With Valparaiso coach Homer Drew looking on, his son Bryce Drew unleashes game-winning three-pointer at buzzer to slay Ole Miss in 1998 NCAA Tournament.
Somewhere in this vast galaxy, in some alternate universe, Gordon Hayward’s halfcourt heave went in the basket and Butler beat Duke to win the 2010 NCAA National Championship. In that other world, it is celebrated as the greatest shot in college basketball history and arguably the greatest shot ever in sports.
Hayward’s shot would have topped this SportsLifer list except for one important detail. In this world, Hayward’s shot rimmed out and instead Duke held on to win its fourth National Championship.
There were plenty of other shots that did go in and made a difference.
Here are the 10 greatest game-winning shots in NCAA Tournament history:
1. Bryce Drew , Valparaiso, 1998, First Round: You remember the play. Valpo trailing Ole Miss by two, seconds left to play….and…we’ll let CBS broadcaster Ted Robinson, now the 49ers play-by-play man, make the call: “The inbounds pass to be thrown by Jamie Sykes, Carter pressuring. It’s to Jenkins….to Drew for the win…GOOD! HE DID IT! BRYCE DREW DID IT! VALPO HAS WON THE GAME A MIRACLE!” The leaning three pointer well behind the arc gave 13th-seeded Valpo a 70-69 win. Cinderella beat Florida State to gain the Sweet 16, where Valparaiso fell to Rhode Island
2. Christian Laettner, Duke, 1992, East Regional Final: In one of the greatest games every played and Duke trailing Kentucky by one in overtime, Calvin Hill threw a desperation 80-foot pass to Christian Laettner who caught the ball, faked and put up a fadeway shot from the free throw line as time expired. The Blue Devils advanced to the Final Four with the 104-103 win and went on to win their second straight title.
3. Arkansas, US Reed, 1981, Second Round: U.S. (Ulysses S) Reed, unable to get the ball to any of his teammates and with time running out, took a desperation shot from beyond the midcourt line, left. The ball went in (this before the advent of the three-point shot) and Arkansas stunned defending champ Louisville, 74-73.
4. Lorenzo Charles, North Carolina State, 1983, National Championship: With the game tied at 52 and four seconds to play, NC State’s Dereck Whittenburg flung a desperation heave. It was an airball, but Lorenzo Charles turned the miss into a dunk, and causing Wolfpack coach Jim Valanvo to run wild looking for somebody to love.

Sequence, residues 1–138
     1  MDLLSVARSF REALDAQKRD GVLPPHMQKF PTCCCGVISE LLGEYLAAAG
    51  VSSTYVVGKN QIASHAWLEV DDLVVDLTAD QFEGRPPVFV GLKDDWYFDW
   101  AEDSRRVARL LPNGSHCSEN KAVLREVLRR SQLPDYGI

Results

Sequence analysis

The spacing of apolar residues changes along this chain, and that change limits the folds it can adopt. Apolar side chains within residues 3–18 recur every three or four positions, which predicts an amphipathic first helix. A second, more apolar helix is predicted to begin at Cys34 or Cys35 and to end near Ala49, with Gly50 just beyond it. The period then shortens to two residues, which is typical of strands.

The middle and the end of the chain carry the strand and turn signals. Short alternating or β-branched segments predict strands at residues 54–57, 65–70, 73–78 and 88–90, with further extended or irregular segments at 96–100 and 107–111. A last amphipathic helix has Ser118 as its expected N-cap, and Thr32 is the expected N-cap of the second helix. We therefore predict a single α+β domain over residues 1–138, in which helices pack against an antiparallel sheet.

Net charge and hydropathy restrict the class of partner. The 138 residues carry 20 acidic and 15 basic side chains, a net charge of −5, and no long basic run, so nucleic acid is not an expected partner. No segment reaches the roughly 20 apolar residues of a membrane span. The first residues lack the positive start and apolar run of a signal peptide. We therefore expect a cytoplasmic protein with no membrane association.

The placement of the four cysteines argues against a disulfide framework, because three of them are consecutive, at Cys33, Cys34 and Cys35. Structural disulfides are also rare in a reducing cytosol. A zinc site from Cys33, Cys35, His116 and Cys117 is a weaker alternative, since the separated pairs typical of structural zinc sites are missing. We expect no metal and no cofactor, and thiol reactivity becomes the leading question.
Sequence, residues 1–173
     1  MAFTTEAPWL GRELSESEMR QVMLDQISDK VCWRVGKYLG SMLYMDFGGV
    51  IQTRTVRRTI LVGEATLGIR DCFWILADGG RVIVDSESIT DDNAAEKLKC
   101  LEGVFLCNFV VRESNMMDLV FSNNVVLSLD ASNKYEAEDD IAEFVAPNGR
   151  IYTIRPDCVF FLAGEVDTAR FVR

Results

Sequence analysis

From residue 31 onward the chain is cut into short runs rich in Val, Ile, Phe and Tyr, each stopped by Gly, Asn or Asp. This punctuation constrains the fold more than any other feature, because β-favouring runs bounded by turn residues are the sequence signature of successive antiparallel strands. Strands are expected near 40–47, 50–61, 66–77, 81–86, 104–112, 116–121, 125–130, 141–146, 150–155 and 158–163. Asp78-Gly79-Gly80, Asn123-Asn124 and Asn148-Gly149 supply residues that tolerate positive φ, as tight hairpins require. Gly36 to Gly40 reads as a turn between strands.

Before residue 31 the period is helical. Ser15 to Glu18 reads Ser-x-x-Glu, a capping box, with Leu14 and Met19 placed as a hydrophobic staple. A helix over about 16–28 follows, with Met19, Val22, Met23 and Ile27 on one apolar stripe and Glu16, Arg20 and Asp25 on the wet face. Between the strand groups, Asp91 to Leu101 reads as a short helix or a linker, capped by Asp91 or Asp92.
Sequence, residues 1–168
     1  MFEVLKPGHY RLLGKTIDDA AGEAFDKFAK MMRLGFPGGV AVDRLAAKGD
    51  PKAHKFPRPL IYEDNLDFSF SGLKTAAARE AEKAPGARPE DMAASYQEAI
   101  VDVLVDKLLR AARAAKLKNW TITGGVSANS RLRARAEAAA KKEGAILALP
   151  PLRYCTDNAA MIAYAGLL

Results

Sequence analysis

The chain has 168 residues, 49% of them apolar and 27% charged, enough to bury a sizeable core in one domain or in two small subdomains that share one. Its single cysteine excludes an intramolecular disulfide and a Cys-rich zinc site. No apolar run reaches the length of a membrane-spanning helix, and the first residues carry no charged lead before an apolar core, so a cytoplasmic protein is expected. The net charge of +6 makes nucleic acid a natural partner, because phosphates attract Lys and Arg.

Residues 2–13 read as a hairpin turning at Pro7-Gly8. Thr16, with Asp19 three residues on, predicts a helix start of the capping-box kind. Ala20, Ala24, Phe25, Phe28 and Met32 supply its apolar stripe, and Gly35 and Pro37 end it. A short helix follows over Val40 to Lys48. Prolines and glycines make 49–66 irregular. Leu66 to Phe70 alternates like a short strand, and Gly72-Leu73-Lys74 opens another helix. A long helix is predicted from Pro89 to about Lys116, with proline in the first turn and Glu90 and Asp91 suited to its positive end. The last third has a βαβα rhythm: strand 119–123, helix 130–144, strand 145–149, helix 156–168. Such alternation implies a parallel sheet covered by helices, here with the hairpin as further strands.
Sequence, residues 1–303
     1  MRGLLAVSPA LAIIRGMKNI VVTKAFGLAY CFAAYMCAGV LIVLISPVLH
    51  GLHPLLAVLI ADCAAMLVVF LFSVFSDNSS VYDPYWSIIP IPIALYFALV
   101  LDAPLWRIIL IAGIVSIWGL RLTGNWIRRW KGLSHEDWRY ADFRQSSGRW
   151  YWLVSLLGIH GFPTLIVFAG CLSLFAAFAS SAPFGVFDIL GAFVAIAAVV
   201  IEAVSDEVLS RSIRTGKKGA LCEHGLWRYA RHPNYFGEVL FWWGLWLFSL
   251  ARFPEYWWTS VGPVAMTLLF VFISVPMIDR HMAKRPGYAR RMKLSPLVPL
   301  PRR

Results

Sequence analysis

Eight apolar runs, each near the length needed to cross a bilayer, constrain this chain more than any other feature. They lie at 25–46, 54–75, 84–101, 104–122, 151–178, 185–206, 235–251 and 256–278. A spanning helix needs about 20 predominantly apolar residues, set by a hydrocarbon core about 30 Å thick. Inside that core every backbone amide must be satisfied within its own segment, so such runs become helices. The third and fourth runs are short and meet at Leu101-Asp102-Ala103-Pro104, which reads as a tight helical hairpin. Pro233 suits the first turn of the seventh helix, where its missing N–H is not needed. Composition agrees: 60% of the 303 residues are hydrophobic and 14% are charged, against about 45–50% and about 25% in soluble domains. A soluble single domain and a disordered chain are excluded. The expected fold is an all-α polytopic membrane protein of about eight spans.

5. Keith Smart, Indiana, 1987, National Championship: The title game was held on Oscar night and while the nominated “Hoosiers” didn’t win in Hollywood, Bob Knight’s Hoosiers did in New Orleans. Keith Smart hit the winning jumper in the final seconds for the 74–73 win over Syracuse.
6. Tyus Edney, UCLA, 1995, Second Round — 5’10” guard Tyrus Edney went cost-to-coast with 4.8 seconds left and made a game-winning layup as the buzzer sounded the give the Bruins a 75-74 win over Missouri. UCLA went on to win its 11th national championship, the only one since John Wooden’s run of 10 titles ended in 1975.
7. Tate George, UConn, 1990, Elite Eight, Regional Semifinals: With only one second left in the game and UConn down a point to Clemson, Scott Burrell threw a full court pass to George. George caught the pass, spun around and released a 15-footer that fell through as time expired for a 71-70 win. Two days later, the Huskies lost a heartbreaker to Duke on a buzzer beater by Christian Laettner.
8. Michael Jordan, North Carolina, 1982, National Championship: No list of great exploits in basketball history is complete without the obligatory Jordan reference. The freshman hit a 17-foot jumper from the left side with around 10 seconds left. giving Dean Smith his first national title with the 63-62 win over Georgetown.
9. Vic Rouse, Loyola of Chicago, 1963, National Championship: The underdog Ramblers rallied from 15 points down in the second half to force overtime, then won the game on a last-second rebound and basket by Vic Rouse. Loyola’s improbable 60-59 win and denied Cincinnati the first three-peat in NCAA history.
10. Richard Washington, UCLA, 1975, National Semifinals: John Wooden’s UCLA Bruins won 10 titles in 12, and most weren’t even close. But this battle against former Wooden assistant and Louisville head coach was. The Bruins rallied to force overtime and won the game 75-74 on a last-second shot by Richard Washington. They went on to beat Kentucky for Wooden’s last championship.
Melo and the Knicks are missing the point – they’re heading the wrong way.
Several weeks back, shortly after the Carmelo Anthony trade, Knicks coach Mike D’Antoni said he’d be satisfied if the Knicks won half their remaining games.
Way to set the bar high, coach. You’ve got two superstars on your team, two of the five top scorers in the NBA in Anthony and Amar’e Stoudemire, and your goal is mediocrity. Sadly, the way the Knicks are playing right now, they’d settle for playing .500 ball.
The playoffs, which seemed like a lock a few weeks back, are no sure thing anymore. The Knicks are in a free fall, having lost five straight and eight of their last nine. It would take a historic collapse for the Knicks to miss the post-season in the NBA’s weak Eastern Conference, but after losing to the likes of the Bucks, Pacers, Pistons and Cavs, the playoffs are no longer automatic.